Why we write about this topic:
Electrolyzers are indispensable in a transition to a sustainable future, but use scarce metals. The breakthrough ensures that fewer of these metals are needed.
Green hydrogen produced by splitting water using renewable energy, such as solar and wind energy, plays an important role in the transition to a sustainable future. The demand for electrolyzers that enable the generation of hydrogen is increasing. The best suited technology to produce green hydrogen is proton exchange membrane water electrolysis (PEMWE), but it requires the scarce material iridium. “We have extreme control over the amount of it with our technology” said Dr. Mahmoud Ameen, program manager for Thin Films for Energy at TNO in Holst Centre.
Green hydrogen gas is produced by splitting water with renewable electricity. This gas is a key enabler of the transition into a sustainable society because it can serve both as a fuel and a raw material. PEMWE is the best suited technology to produce green hydrogen because it can handle the intermittence of renewable power. However, the technology makes use of iridium, which is one of the scarcest elements on earth. The global iridium production per year is not enough to sustain large scale hydrogen generation with the available PEMWE devices. In order to achieve climate goals, the usage of iridium in PEMWE therefore needs to be reduced significantly.
TNO researchers have now made a major breakthrough to overcome the iridium constraints for large scale green hydrogen production and are the first to develop a PEMWE that operates with 200 times less iridium. The device can currently achieve a performance of 25 to 46 percent of the current generation of electrolyzers. The key to reducing the usage of iridium was the fine-tuning manufacturing achieved by Spatial Atomic Layer Deposition (sALD) technology.
TNO at Holst Centre played a key role in the design and development of the sALD manufacturing process. TNO in Holst Centre and the researchers of the unit Energy Transition of TNO specialized in electrolysis have been working in recent years on the deployment of sALD in electrolyzers, where extremely thin layers of materials are deposited on large surfaces. “Thanks to sALD, we can deposit high quality iridium layers, as well as other metals, in a quick and cost-effective way. In doing so, we can control the layer thickness down to the scale of one millionth of a millimetre”, Ameen explains.
Over the past two years, TNO at Holst Centre and partners have been conducting experiments with sALD in electrolyzers. The researchers applied an ultrathin layer of iridium as catalyst material to a porous titanium support, called porous transport layer. The operation and stability of the innovative methodology has now been proven successful after several tests in the lab. Little to no degradation occurred after the stress tests. In the new PEMWE, the inorganic components (iridium and platinum metal included) are separated from the organic ones (polymer electrolyte) and that makes it easier to define recycling strategies.
High volume manufacturing
“Now, with our broad experience in materials structuring, coating technologies, and the device process integration of a broad variety of thin/thick film manufacturing technologies, we will work on next-generation high-tech electrolyzers to make them affordable and suitable for high volume manufacturing”, Ameen continues.
The breakthrough allows countries in Europe to make plans around scaling up electrolyzers, and it brings more benefits. “From a geopolitical perspective, we are also better off with this technology. This is because we are confident that we have enough iridium in Europe to make the green transition happen, without being dependent on countries we don’t want to be dependent on.”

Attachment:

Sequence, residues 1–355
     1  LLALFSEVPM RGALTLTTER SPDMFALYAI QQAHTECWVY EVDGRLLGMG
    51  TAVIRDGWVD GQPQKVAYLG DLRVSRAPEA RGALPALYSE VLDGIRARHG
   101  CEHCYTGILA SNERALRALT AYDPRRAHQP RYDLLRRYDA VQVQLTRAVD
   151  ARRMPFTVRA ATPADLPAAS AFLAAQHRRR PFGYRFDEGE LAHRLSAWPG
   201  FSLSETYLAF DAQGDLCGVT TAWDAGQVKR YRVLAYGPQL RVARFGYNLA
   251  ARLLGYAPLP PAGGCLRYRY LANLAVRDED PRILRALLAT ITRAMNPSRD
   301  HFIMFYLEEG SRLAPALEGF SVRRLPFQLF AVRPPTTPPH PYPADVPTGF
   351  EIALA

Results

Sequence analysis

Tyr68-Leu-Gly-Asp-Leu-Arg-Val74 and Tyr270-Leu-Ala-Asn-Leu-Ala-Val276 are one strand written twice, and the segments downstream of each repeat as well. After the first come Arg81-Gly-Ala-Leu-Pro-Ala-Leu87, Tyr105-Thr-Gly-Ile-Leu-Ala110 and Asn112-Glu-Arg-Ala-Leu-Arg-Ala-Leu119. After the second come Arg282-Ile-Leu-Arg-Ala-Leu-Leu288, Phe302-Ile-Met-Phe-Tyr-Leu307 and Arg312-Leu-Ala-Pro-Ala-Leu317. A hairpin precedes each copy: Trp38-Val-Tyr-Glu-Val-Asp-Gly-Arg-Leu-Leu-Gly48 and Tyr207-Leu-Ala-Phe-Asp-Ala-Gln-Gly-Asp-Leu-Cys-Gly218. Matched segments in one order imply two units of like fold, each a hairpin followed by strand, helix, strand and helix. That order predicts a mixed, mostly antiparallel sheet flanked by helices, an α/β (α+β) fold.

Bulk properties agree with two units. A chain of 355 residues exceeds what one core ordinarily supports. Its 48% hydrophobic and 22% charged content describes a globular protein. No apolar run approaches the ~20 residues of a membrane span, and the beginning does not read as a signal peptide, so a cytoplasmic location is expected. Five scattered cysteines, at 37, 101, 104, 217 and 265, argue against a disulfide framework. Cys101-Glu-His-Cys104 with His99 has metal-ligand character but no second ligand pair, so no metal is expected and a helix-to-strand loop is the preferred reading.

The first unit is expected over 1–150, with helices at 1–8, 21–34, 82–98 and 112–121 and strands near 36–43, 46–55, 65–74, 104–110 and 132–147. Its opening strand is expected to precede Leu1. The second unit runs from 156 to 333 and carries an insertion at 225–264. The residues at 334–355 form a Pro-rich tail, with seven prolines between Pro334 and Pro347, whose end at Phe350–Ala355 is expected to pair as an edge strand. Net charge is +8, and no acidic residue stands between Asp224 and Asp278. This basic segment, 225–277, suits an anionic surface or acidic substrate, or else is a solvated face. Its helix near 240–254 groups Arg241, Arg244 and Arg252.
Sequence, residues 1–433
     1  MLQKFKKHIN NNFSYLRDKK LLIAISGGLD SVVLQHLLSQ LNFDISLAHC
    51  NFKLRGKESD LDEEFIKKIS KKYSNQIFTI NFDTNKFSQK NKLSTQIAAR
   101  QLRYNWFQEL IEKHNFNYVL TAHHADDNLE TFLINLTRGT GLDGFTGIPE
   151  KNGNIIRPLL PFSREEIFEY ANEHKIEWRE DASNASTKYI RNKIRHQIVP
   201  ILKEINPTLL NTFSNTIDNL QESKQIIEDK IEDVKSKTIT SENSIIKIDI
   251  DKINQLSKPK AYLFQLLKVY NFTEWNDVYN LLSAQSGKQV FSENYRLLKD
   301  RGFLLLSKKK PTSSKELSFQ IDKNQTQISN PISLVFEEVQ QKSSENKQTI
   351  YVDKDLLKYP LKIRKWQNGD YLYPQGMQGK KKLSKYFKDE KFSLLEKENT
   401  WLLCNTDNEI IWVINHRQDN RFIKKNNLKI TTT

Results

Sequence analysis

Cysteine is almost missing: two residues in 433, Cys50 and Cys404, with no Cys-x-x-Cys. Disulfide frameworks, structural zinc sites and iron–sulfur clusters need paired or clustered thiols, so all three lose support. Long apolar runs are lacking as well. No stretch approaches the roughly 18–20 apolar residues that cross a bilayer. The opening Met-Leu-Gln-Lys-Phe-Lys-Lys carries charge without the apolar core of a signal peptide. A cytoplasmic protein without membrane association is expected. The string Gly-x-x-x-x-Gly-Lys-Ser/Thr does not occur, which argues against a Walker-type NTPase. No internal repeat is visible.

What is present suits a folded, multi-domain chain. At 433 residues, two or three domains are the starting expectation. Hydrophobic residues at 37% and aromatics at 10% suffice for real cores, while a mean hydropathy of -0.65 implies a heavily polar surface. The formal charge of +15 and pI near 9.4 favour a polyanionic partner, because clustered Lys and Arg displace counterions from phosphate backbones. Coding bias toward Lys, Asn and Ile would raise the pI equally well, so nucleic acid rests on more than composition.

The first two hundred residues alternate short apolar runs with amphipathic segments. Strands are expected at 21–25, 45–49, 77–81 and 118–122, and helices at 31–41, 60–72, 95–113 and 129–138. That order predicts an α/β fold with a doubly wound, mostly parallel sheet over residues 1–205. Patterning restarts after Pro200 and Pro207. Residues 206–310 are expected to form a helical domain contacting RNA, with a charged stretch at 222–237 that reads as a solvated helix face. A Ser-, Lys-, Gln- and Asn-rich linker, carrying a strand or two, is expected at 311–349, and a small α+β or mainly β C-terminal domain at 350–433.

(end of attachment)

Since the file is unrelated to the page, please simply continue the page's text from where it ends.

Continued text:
Many other applications
In addition to electrolyzers, sALD can be applied in even more ways. In combination with a breadth of other thin film deposition technologies, sALD as an innovative production technology has the potential to advance the high-tech industry. Initially, sALD was developed for integration in a new generation of displays for TVs, tablets and smartphones. The technology is also used worldwide in the automotive industry and by manufacturers of solar panels and batteries. And lastly, with regard to hydrogen, the technology can also be extended to fuel-cell manufacturing to produce electricity out of stored hydrogen.
TNO at Holst Centre will take follow-up steps with this established proof-point in two directions. Firstly, they will help make the technology applicable for large-scale production in collaboration with sALD startup companies in the Dutch ecosystem, such as SparkNano. The company develops sALD devices for energy, OLED and related applications. Ameen: “There are still a number of details to address, which include finding more suitable and affordable precursors for the sALD process and designing recovery strategies to minimize raw materials spillage during manufacturing.”
Secondly, TNO at Holst Centre will engage in the further integration of the full breadth of thin film manufacturing technologies – including sputtering, electroplating, photolithography and its background on developing thin film electronics on foil – for the realisation of next-generation high-tech electrolysers. Auke Kronemeijer, research manager of the Thin Film Electronics department at TNO in Holst Centre concludes: “Ultimately, the full high-tech manufacturing industry value chain will need to play an important role in enabling large-scale production of electrolyzers with significantly increased performance to make the energy transition a reality. Together, we will make sure that the countries in Europe can apply green hydrogen on a large scale in the future.”